Quad Rugby, or Wheelchair Rugby as it is also called, is a sport with roots going back to wheelchair basketball and ice hockey, which is not surprising, since it was developed by three Canadians as a quadriplegic equivalent to wheelchair basketball. The sport was originally called Murderball due to its aggressive nature. It was changed to Quad Rugby in 1981 when it was introduced in the U.S. with the formation of the Wallbangers at the University of North Dakota.
In 1988, the United States Quad Rugby Association (USQRA) was formed to help regulate and promote the sport on both a national and international level. Quad Rugby has grown to become a global sport with more than forty-five organized teams in the United States and at least twenty five international teams from as far away as Australia, in addition to those in Canada.
WHO CAN PLAY?
Players may have various disabilities that preclude their play in able-bodied sport competition. Players must have a combination of upper and lower extremity impairment to be considered as eligible to participate. Most of the players have sustained cervical level spinal injuries and have some type of quadriplegia as a result. Players are given a classification number from one of seven classifications ranging from 0.5 - 3.5. The 0.5 player has the greatest impairment and is comparable to a C5 quadriplegic. Of those eligible to participate, the 3.5 player has the least impairment and is similar to a C7-8 incomplete quadriplegic. Both male and females are encouraged to play, and because of the classification process gender advantages don't exist. Female players and those over 45 are given a .5 point reduction. Those over 65 are given An additional .5 point reduction.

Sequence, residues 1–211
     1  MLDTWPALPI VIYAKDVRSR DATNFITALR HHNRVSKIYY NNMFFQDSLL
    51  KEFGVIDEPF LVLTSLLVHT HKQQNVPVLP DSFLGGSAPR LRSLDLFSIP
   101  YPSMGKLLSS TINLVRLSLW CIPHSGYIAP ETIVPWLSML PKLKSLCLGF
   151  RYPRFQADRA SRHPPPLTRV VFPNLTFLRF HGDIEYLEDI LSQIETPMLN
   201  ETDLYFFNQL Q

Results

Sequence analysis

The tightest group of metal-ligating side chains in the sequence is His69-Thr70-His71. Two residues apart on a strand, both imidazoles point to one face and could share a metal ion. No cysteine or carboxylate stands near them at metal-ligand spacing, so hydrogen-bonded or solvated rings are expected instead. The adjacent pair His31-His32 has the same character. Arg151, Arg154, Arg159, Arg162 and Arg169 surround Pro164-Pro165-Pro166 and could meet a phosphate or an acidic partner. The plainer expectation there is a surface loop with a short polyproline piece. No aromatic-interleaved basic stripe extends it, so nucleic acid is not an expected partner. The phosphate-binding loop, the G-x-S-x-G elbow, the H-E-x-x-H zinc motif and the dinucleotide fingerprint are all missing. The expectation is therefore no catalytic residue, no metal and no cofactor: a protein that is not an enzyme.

Four players from each team are allowed on the court at a time. Classifications of the four players on the court must total no more than 8.0 points at one time. A goal line at each end of the court measures eight meters. A key area extends from the goal line and is 1.75 meters deep. During the games team players pass or carry a volleyball, trying to advance into the opponent's half court and then crossing over the goal line with the ball in one player's possession. Only three defensive players are allowed in the key, and if a fourth enters, a penalty can be assessed or a goal awarded. An offensive player can only stay in the key area for ten seconds or a turnover will be assessed.
Games are four 8-minute quarters with 2 minutes break between periods and 5 minute halftime.
Four 30 second and two 60 second timeouts for each team, plus 1 extra for each overtime played.
One point is scored when the goal line is crossed by any two of the ballcarrier’s wheels.
10 Seconds: Players must dribble or pass or it’s a turnover.
12 Seconds: Ball must be advanced over half court or it’s a turnover.
10 Seconds: Ball must be inbounded or it’s a turnover.
40 Seconds: Teams must score after the ball is inbounded or it’s a turnover.
10 Seconds: Offensive player cannot be in the key longer or it’s a turnover.
Only three defenders are allowed in the key at one time or it’s a penalty.
Hitting an opposing player’s chair behind the axles (a spin) is a turnover or a penalty